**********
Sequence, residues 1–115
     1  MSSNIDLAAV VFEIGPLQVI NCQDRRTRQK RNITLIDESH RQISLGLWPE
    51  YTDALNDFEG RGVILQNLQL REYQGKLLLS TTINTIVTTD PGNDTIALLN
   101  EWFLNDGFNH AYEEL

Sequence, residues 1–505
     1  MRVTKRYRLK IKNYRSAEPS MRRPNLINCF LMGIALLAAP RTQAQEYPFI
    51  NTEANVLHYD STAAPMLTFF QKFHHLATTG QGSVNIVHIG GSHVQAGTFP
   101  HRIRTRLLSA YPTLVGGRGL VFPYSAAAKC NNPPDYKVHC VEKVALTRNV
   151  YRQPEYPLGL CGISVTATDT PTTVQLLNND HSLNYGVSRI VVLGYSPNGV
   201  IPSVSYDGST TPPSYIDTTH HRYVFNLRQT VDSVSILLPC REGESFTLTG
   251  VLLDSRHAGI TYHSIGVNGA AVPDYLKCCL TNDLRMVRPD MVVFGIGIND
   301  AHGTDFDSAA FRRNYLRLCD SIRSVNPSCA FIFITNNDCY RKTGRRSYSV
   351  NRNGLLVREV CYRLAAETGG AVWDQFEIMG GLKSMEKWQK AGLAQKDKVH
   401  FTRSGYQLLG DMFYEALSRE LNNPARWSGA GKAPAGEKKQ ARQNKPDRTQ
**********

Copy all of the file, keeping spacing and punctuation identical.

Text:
Sequence, residues 1–115
     1  MSSNIDLAAV VFEIGPLQVI NCQDRRTRQK RNITLIDESH RQISLGLWPE
    51  YTDALNDFEG RGVILQNLQL REYQGKLLLS TTINTIVTTD PGNDTIALLN
   101  EWFLNDGFNH AYEEL

Sequence, residues 1–505
     1  MRVTKRYRLK IKNYRSAEPS MRRPNLINCF LMGIALLAAP RTQAQEYPFI
    51  NTEANVLHYD STAAPMLTFF QKFHHLATTG QGSVNIVHIG GSHVQAGTFP
   101  HRIRTRLLSA YPTLVGGRGL VFPYSAAAKC NNPPDYKVHC VEKVALTRNV
   151  YRQPEYPLGL CGISVTATDT PTTVQLLNND HSLNYGVSRI VVLGYSPNGV
   201  IPSVSYDGST TPPSYIDTTH HRYVFNLRQT VDSVSILLPC REGESFTLTG
   251  VLLDSRHAGI TYHSIGVNGA AVPDYLKCCL TNDLRMVRPD MVVFGIGIND
   301  AHGTDFDSAA FRRNYLRLCD SIRSVNPSCA FIFITNNDCY RKTGRRSYSV
   351  NRNGLLVREV CYRLAAETGG AVWDQFEIMG GLKSMEKWQK AGLAQKDKVH
   401  FTRSGYQLLG DMFYEALSRE LNNPARWSGA GKAPAGEKKQ ARQNKPDRTQ